Advantages and disadvantages of model laws

The most common justifications for the development of a model law are: (1) to provide guidance on how to turn international legal and policy commitments into concrete national legislative frameworks; (2) to harmonize laws that are interrelated or have cross-border dimensions in a particular region; and (3) to provide guidance for countries that want to develop legislation governing particular technical areas, where there may be no specific international legal instruments. Inarguably, they provide a cost-efficient guidance tool to a large number of countries.

Nevertheless, the FAO does not generally encourage the development of model laws because laws cannot be developed in a vacuum.9 Rather, they must be tailored to national circumstances, in consultation with national officials and stakeholders. The development of legislation is not simply an exercise in drafting. Model laws may misleadingly suggest that the usual analytical and consultative processes are not required.

It is acknowledged that enacting the text of a model law without adaptation to the national circumstances may expedite law-making processes. However, it could adversely affect the effectiveness of the law. This is because the country may not necessarily have fully considered the institutional and resource implications of the implementation of the law, or it may not have assessed the requirements for effective implementation within the national context. Moreover, in the absence of a detailed legislative analysis, potential conflicts with existing laws are possible. This is particularly the case with laws in the area of food and agriculture, which touch up on a very broad scope of government regulatory actions.

Nevertheless, as indicated above, guiding legal frameworks or model laws may be appropriate in certain areas where States sign up to commitments to harmonize their legislation, where there is broad international consensus on the contents of legislation, or where there is a common regional identity to be protected through national legislation. They may also be more useful when they are developed for a specific group of countries, which generally follow the same legal tradition and share similarities in legal precepts and structures.

In deciding to develop model laws, it is important to recognize their advantages and disadvantages, as well as consider ways of mitigating the latter. They can be useful tools as a starting point for the elaboration of national legislation. However, they must allow a measure of flexibility in terms of structure, status and content, and their use should also involve careful contextual analysis and adaptation.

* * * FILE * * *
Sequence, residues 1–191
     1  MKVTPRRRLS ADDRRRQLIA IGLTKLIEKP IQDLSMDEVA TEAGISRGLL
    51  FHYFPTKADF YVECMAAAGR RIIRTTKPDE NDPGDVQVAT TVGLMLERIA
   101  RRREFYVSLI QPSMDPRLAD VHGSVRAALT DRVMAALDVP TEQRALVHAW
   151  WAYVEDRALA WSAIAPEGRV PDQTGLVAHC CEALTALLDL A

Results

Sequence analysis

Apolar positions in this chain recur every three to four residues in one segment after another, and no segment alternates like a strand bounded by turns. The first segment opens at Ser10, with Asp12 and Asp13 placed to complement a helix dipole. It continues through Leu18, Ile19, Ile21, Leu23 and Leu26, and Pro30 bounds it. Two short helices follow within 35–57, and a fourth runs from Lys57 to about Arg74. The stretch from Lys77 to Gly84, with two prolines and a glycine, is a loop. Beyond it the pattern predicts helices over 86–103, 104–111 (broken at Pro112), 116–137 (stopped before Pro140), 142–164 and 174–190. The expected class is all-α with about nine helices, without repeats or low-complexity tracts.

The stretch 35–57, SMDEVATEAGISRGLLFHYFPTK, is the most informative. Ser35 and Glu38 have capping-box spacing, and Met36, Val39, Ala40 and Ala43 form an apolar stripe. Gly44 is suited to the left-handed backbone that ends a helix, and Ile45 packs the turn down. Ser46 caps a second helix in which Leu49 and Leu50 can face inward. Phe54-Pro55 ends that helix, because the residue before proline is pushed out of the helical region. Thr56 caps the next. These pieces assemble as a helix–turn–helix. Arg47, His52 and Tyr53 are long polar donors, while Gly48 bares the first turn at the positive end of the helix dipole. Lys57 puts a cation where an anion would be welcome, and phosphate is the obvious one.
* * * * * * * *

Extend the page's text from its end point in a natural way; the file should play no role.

In developing – and using – model laws to produce appropriate and effective legislation, the following should be considered:

1. Legal tradition

International or regional model laws should pay attention to the diversity of legal traditions in the target countries. Whether a country follows or applies the civil law, common law, religious or customary law traditions - or a combination of them - affects the way laws are formulated and structured. In the areas of food and agriculture, most countries have written laws of differing forms and contents. The concepts, institutions and operative provisions included in a model law should be formulated bearing in mind the different legal traditions of the countries that may use it.

2. Form, status and contents of a model law

Countries govern various sectoral areas in different ways. What could be covered by one piece of legislation in one country may be governed by more than one primary and/or secondary piece of legislation in other countries. Some countries, for example in Latin America, adopt framework laws of higher status than other primary legislation to govern cross-cutting issues, such as in the area of food security and nutrition, that directly address different sectors and involve multiple actors.10 Such legislation sets directions for relevant sectoral matters, provides for inter-sectoral coordination mechanisms, and may entail the revision of other legislation to ensure coherence.11 However, legislation of framework law status and coverage does not exist in all countries or regions. In Africa, for example, the closest one would find is the loi d’orientation of some Francophone African countries covering a range of sectors relating to agriculture and establishing inter-sectoral coordination mechanisms.12

In addition to paying attention to the differences in legislative approaches in different countries in terms of the form and status of laws, the substantive contents of a model law should take into consideration the structure of laws and the categorization of legislative areas in the target countries. For example, the constitutions of many Francophone African countries define the domains of primary legislation and leave other areas for secondary laws. This affects the coverage and details of legislation governing different technical subject-matters.